Circumventing the Crystal Ball

Value is an abstract concept at the best of times, but when you toss in variables such as the need for a place to live, the fear of missing out, shifting tides in supply and demand, not to mention personal aesthetic standards, you’ll find yourself looking at something as transient as the property market.

What man or woman on this planet is equipped to estimate what a property’s ‘True’ worth is?

If people are willing to pay a certain number then that’s the new value right?

My article a few weeks back titled, ‘Buyer Feedback’ touched on this subject when we explored the tendency for Real Estate agents to deliberately blur the lines around value as a negotiation tactic. This is certainly another factor to toss into that bubbling pot of variables, but it would be unfair to attribute 100% of their questionable indications of price, to deception alone.

The truth is, no one out there has a crystal ball and even if you keep your finger glued to the pulse of your area, the best you can hope for is a rough estimate.

To exemplify this, I ran a little case study on a small sample group of units set to go to auction a month ago.

(to avoid throwing anyone under the bus, I haven't included the agent names or addresses of these relative properties, but hopefully the numbers alone will paint a clear picture by themselves)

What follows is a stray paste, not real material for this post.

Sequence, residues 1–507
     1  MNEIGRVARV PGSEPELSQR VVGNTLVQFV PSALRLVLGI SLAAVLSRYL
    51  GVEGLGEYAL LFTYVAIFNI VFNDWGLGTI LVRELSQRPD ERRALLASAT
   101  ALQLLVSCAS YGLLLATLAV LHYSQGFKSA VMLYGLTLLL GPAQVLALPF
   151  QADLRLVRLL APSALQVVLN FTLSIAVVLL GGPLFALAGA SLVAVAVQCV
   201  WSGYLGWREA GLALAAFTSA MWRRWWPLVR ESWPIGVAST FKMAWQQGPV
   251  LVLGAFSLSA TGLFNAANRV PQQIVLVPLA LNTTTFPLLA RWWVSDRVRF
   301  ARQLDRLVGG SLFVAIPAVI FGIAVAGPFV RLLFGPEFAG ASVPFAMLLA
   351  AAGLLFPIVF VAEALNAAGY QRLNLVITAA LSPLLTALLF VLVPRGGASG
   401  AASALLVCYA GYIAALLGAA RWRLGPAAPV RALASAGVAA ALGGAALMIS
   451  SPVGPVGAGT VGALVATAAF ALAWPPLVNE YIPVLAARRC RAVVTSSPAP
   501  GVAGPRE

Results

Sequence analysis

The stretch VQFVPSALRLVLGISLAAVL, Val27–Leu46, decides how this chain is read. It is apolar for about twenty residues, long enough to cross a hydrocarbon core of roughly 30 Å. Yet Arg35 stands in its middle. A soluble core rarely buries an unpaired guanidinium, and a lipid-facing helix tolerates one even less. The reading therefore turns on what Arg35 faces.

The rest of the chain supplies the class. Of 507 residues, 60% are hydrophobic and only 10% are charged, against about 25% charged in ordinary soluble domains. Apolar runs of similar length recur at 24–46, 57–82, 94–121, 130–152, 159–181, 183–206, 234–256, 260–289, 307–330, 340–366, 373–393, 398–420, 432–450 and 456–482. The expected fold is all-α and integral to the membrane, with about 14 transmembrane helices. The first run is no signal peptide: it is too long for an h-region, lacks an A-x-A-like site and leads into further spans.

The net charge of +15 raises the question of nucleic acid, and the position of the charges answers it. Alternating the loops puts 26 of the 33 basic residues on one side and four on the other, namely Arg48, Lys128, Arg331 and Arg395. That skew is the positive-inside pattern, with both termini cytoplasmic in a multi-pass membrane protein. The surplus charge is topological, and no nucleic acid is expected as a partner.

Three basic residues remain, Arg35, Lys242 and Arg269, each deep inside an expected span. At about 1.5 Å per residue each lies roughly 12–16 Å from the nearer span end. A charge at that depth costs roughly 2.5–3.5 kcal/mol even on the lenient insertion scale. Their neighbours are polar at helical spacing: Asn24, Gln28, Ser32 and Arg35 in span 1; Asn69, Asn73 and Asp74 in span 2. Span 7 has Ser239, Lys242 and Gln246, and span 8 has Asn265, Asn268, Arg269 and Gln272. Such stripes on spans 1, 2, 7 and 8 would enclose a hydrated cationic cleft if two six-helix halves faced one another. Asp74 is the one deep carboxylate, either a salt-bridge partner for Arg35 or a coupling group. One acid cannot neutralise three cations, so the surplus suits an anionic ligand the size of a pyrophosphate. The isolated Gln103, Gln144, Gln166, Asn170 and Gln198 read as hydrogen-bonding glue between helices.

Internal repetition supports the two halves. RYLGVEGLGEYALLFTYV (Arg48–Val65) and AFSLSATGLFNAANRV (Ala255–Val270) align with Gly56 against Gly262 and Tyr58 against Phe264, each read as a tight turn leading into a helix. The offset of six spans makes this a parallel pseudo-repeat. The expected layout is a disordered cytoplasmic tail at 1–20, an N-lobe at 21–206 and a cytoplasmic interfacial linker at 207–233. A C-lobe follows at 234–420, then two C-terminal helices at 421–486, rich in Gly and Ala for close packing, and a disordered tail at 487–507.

Agent Estimation One:

“$700k to early $800K will buy it.”


Passed in at auction, relisted with an asking price of $999k.

Agent Estimation Two:

“If you’ve got funding in the mid six hundreds, you’ve got a good chance.”


Sold for $765K

Agent Estimation Three:

“Buyer feedback suggests that this sale is going to have a six in it.”


Sold for $695K

Etc, Etc, Etc

Of the fifteen properties I sampled, we received some variation of the above answers. Not exactly surgeon-like precision, is it?

Don’t throw up your hands and toss it all in just yet though! Remember, I ran this case study specifically on units rather than apartments.

For this exercise, I deliberately chose a market that I’m personally unfamiliar with so that I could replicate a first home buyer’s ignorance. As a result, I’m happy to acknowledge that there may be some workarounds that I’m missing here, however my main takeaway is this:

Not only is there less turnover in the unit market, the layouts are much less uniform than their apartment counterparts.

As a result, where an apartment buyer can draw from a large sample of comparable recent sales to decipher whether they are paying too much, a unit buyer has less data to draw from and more of those dreaded variables to consider when assessing the same problem.

Yes, I’m biased, but can you argue with the logic?

Of course, units have their own intangible merits. I’m just not so keen on relying on that crystal ball....